In order to explore the range of Golgi phenotypes that could be observed, we screened a custom‐designed set of 63 known regulators of membrane traffic (Figure 1B). These regulators, such as SNAREs and Rabs, act in vesicle budding and fusion (Supplementary Figure S1A and B). We also tested drugs such as brefeldin A (BFA), nocodazole, monensin and latrunculin B, which are known to perturb the Golgi in different ways (Supplementary Figure S1C). For each perturbation, 2000 cells were reverse transfected with siRNAs spotted in 384‐well imaging plates. Seventy‐two hours after siRNA transfection, some untransfected wells were treated with the drugs for 1 h before fixing and staining for the nucleus, cis and trans Golgi compartments. The cells were then imaged using high‐throughput confocal microscopy. Visual inspections of the cells revealed that depletion of several of these genes perturbed Golgi morphology. We defined three major classes of perturbed Golgi morphology that were visually identifiable and labeled them as ‘diffuse’, ‘fragmented’ and ‘condensed’ (Figure 1C). Diffuse Golgi morphology is typically observed after BFA treatment. This morphology usually reflects the relocation of Golgi markers to the ER (Dinter and Berger, 1998). With a fragmented Golgi, granular structures are still visible, but they appear no longer connected in a perinuclear half‐moon shape. Fragmentation has been reported in multiple studies and occurs for example after nocodazole or monensin treatment (Dinter and Berger, 1998; Thyberg and Moskalewski, 1999). Fragmentation is sometimes attributed to a loss of the connections between Golgi stacks (Puthenveedu et al, 2006; Duran et al, 2008). With a condensed morphology, the Golgi usually appears compact and rounded in a perinuclear location. This morphology has been previously reported to occur upon latrunculin treatment (Valderrama et al, 2001) and upon various genetic perturbations (Bard et al, 2003; Young et al, 2005). Because of their prototypical effects on the Golgi apparatus, we selected three SNAREs to serve as controls for larger scale screens: Syntaxin 3 with a fragmented morphology, SNAP47 with a condensed morphology and Syntaxin 5 with a marked diffuse distribution for the cis marker HPL but almost unaffected MannII‐GFP and TGN46 stainings (Figure 1C). Transfection efficiency was >80% of cells as evaluated by the reduction of MannII‐GFP levels and the increase in HPL staining in cells after STX5 depletion (Figure 1D).
Golgi phenotypes can be automatically classified using nine phenotypic features
In order to quantify and classify the various Golgi phenotypes induced by gene knockdown, we developed an automated image analysis and classification approach. To obtain phenotypic analysis at the individual cell level, nuclei were segmented based on Hoechst DNA staining (Figure 2A). A cell territory was defined around the mass center of each nucleus (Figure 2B). Cell image features were then extracted for the nucleus and the three Golgi markers’ staining (Figure 2C and D). We found that a single image feature is insufficient to capture nuclei or Golgi phenotypes, therefore, we used Support Vector Machine (SVM) machine learning (Boser et al, 1992) to find combinations of image features that could discriminate phenotypes (see example in Supplementary Figure S2D). A first SVM was trained to recognize and exclude out‐of‐focus, badly segmented and mitotic cells (Figure 2E). Another SVM was thereafter trained to recognize the three types of morphology, diffuse, fragmented and condensed, using reference phenotypes that were visually detected in the pilot screen (Figure 2F; Supplementary Figure S2A). We found that selecting the 5 most discriminative image features from the pool of 22 computed features resulted in better discrimination (Supplementary Figure S2D–G). The SVM training was refined and reinforced with cell images from the signaling genes screen (Figure 1B; Supplementary Figure S2A). The Golgi morphology of individual cells was described by the SVM classifier as a set of nine binary phenotypic features, ranging from cis Condensed to trans Diffuse (Figure 2G; Supplementary Figure S2). At the gene level, the percentage of analyzed cells positive for each of the nine phenotypic features was computed (Figure 2H). As a result, each gene was assigned a signature with nine phenotypic scores. This signature is represented in a graphical manner by a color‐coded pie chart (Figure 2I). Correlation analysis of the screens’ phenotypes indicated that the nine scores are non‐redundant (see below and Figure 3E).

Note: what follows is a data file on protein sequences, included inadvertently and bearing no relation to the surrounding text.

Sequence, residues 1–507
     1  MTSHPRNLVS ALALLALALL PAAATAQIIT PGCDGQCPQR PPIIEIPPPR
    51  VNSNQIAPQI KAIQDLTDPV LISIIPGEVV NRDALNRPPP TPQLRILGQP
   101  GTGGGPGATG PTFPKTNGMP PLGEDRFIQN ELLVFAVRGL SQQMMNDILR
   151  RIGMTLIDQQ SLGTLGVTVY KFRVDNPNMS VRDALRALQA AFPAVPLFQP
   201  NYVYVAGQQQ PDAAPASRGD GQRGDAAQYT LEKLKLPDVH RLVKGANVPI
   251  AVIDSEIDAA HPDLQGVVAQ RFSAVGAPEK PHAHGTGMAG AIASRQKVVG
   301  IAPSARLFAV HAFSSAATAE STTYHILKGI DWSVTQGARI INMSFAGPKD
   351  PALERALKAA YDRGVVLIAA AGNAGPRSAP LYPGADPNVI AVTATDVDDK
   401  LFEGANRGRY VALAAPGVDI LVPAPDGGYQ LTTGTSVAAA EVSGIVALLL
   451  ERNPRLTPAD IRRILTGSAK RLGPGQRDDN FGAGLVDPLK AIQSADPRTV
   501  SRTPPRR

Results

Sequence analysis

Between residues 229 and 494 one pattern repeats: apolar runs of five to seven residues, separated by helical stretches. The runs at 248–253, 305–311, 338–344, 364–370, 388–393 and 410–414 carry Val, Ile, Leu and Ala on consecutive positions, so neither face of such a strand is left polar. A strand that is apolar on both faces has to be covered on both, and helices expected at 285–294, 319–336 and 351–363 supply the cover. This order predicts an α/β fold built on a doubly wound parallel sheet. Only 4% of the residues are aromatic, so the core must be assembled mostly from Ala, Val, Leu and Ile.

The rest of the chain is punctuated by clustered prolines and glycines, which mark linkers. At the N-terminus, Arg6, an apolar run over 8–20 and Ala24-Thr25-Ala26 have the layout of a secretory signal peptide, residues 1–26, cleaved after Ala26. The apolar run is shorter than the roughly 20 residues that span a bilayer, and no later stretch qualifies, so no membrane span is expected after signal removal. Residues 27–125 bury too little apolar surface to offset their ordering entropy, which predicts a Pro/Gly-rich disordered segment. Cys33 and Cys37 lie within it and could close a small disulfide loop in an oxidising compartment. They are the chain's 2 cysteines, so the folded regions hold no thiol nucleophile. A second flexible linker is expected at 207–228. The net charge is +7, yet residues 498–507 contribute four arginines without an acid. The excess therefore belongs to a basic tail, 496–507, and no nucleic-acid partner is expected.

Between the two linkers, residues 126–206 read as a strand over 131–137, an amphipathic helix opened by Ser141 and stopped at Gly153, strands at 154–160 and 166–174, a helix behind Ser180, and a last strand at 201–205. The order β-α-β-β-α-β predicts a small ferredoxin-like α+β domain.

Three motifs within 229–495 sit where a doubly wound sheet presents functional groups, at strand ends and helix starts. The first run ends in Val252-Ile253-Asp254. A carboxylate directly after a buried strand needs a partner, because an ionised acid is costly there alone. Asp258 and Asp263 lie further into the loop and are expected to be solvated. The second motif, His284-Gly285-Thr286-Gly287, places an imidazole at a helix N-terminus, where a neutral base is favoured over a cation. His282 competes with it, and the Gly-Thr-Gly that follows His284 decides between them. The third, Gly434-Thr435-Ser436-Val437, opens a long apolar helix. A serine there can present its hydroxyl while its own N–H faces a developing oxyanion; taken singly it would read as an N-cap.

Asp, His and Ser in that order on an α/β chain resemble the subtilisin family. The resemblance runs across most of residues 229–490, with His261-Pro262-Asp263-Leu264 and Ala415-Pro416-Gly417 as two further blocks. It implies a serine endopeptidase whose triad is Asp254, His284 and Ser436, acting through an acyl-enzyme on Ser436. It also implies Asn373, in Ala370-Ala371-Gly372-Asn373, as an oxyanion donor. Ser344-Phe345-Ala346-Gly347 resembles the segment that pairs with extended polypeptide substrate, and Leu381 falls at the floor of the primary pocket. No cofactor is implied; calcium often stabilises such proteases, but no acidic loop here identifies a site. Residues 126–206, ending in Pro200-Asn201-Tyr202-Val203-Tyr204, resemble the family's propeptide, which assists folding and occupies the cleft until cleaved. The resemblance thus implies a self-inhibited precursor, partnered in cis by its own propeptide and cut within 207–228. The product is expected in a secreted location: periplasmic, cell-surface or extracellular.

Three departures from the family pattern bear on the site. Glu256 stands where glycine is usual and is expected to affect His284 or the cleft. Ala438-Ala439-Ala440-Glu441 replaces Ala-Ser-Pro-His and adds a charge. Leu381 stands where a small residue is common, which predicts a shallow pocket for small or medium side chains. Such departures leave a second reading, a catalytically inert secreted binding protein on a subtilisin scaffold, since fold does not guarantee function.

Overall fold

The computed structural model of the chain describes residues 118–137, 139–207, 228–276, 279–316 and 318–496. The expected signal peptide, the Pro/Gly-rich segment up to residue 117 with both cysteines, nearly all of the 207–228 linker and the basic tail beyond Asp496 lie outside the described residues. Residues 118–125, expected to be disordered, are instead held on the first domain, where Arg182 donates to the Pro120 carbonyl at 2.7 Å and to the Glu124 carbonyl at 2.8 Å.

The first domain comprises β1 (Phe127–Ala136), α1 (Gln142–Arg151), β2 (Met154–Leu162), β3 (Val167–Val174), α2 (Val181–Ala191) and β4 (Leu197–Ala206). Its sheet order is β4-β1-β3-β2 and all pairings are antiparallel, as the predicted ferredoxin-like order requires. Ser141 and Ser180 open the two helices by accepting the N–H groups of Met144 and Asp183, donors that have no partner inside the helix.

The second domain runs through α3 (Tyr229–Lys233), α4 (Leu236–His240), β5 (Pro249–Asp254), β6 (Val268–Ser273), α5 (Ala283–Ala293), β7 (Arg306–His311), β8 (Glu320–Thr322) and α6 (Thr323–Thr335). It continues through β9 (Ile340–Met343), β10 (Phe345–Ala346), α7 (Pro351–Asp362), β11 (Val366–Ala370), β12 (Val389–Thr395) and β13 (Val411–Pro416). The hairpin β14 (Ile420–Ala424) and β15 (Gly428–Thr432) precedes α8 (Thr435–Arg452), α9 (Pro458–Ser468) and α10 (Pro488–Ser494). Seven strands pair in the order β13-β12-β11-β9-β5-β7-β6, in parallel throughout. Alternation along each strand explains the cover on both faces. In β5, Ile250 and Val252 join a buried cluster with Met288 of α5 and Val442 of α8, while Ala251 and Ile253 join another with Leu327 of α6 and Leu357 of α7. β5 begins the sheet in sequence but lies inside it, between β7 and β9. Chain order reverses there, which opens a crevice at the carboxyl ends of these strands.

The performance of the SVM classifier was bench‐marked against three individuals at the cellular level with a representative set of 300 cells and found to be comparable to human classification (Supplementary Figure S2B). At the gene level, we compared SVM and experimenter classification with 120 wells displaying different phenotypes and found >90% agreement (Supplementary Figure S2C), indicating that our automated image analysis faithfully reproduces a human expert evaluation with the added benefit of quantification.
159 signaling genes regulate Golgi organization